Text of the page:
The trade-off between the transmission of chemical cues and parasites: behavioral interactions between leaf-cutting ant workers of different age classes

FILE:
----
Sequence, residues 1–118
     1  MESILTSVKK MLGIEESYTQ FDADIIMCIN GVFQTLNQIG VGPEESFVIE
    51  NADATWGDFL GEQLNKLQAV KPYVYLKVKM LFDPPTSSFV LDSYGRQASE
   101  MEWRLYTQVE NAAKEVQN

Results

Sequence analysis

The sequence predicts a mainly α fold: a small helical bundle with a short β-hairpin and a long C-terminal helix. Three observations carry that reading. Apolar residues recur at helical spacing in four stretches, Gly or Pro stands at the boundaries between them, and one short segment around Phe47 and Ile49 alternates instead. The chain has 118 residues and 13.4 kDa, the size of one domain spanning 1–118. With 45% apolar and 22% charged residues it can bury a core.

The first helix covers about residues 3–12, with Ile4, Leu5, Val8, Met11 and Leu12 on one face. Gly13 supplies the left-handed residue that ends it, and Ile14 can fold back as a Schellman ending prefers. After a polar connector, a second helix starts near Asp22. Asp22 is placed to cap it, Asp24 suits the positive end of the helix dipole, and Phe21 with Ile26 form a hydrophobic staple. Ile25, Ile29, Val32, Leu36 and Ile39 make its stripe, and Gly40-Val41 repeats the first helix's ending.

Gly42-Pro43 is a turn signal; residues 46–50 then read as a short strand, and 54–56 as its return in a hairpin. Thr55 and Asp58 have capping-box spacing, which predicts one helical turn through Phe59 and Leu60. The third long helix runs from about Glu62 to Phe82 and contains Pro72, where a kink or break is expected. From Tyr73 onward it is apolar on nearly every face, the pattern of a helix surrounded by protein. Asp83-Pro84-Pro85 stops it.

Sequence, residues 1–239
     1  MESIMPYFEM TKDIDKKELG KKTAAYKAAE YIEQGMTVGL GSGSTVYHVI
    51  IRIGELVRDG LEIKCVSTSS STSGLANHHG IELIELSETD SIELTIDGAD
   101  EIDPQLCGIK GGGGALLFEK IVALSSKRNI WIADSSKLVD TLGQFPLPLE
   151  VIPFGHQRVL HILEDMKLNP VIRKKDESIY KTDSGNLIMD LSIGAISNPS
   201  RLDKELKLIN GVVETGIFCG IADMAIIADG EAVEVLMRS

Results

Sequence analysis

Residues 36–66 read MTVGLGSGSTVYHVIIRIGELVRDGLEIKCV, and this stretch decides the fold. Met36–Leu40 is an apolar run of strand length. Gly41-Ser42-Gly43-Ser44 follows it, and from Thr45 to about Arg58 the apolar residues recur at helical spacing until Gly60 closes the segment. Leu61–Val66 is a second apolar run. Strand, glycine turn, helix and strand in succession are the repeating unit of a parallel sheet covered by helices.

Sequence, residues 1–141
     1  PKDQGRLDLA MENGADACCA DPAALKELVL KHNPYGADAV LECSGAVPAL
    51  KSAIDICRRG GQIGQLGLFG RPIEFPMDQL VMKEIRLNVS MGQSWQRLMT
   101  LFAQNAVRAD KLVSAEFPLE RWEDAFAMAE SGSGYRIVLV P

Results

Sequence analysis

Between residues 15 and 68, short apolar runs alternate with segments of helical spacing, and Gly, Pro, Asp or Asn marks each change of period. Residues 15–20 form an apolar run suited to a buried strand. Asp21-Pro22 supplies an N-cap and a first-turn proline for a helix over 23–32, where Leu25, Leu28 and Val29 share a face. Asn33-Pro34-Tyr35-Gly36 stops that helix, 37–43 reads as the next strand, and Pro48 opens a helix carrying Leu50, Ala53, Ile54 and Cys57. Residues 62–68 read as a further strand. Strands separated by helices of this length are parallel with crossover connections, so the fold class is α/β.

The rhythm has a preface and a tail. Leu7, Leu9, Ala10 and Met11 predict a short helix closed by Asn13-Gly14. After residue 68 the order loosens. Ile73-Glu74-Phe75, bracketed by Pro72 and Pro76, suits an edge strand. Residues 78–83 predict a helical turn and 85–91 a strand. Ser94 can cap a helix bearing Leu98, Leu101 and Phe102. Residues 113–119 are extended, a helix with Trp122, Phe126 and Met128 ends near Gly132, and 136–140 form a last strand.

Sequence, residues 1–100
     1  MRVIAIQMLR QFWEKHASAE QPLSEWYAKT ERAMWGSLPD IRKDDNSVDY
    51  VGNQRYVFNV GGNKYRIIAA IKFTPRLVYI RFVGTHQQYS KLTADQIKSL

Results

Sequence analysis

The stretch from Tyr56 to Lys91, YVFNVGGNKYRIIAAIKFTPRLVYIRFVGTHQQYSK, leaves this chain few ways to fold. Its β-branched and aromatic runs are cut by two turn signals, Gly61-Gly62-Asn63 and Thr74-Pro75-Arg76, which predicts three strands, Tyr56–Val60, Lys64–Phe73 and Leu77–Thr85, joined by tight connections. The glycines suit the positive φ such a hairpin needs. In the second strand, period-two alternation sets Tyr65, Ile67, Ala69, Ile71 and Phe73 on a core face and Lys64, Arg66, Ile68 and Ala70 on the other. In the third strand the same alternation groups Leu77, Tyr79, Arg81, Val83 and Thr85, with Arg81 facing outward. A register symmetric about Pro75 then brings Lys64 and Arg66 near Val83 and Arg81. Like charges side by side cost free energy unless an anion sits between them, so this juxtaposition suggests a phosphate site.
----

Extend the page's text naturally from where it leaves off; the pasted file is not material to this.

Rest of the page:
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Social animals are faced with an intriguing dilemma. On the one hand, interactions between individuals are essential to exchange information and to promote cohesion, while on the other hand such interactions carry with them the risk of catching and transmitting parasites. This trade-off is particularly significant for social insects because low within-colony genetic diversity makes their colonies potentially vulnerable to parasites while frequent interactions are essential to the development of the colonial odor profile necessary for nestmate recognition. Here we investigate whether social interactions between young and old leaf-cutting ant workers show evidence of this trade-off. We find that old workers engage in more selfgrooming and mandibular scraping than young workers, both in keeping with old workers having been more exposed to parasites. In contrast, we find that young workers engaged in more allogrooming than old workers, which seems likely to have a different motivation possibly the transfer of recognition cues. Furthermore, young workers tended to engage in allogrooming with other young workers, although it was the old workers that were most active and with whom allogrooming would seem likely to optimize information or chemicals transfer. This suggests that young workers may be attempting to minimize the risk of parasite transmission during their social interactions. Although limited to behavioral data, these results hint that ant workers may be sensitive to the trade-off between the transmission of recognition cues and disease, and adjust their social interactions accordingly. (C) 2016 Sociedade Brasileira de Entomologia. Published by Elsevier Editora Ltda.